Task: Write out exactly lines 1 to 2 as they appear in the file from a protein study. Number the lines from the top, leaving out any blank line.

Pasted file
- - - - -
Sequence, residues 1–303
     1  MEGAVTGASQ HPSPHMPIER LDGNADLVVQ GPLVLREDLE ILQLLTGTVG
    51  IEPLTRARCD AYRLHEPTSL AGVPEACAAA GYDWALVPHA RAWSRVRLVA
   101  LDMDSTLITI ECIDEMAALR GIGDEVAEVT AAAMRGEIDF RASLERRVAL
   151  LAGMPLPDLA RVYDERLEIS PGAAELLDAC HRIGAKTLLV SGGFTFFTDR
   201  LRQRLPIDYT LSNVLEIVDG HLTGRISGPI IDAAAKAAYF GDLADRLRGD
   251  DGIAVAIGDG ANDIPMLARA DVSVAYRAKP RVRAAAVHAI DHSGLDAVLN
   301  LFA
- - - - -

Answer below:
Sequence, residues 1–303
     1  MEGAVTGASQ HPSPHMPIER LDGNADLVVQ GPLVLREDLE ILQLLTGTVG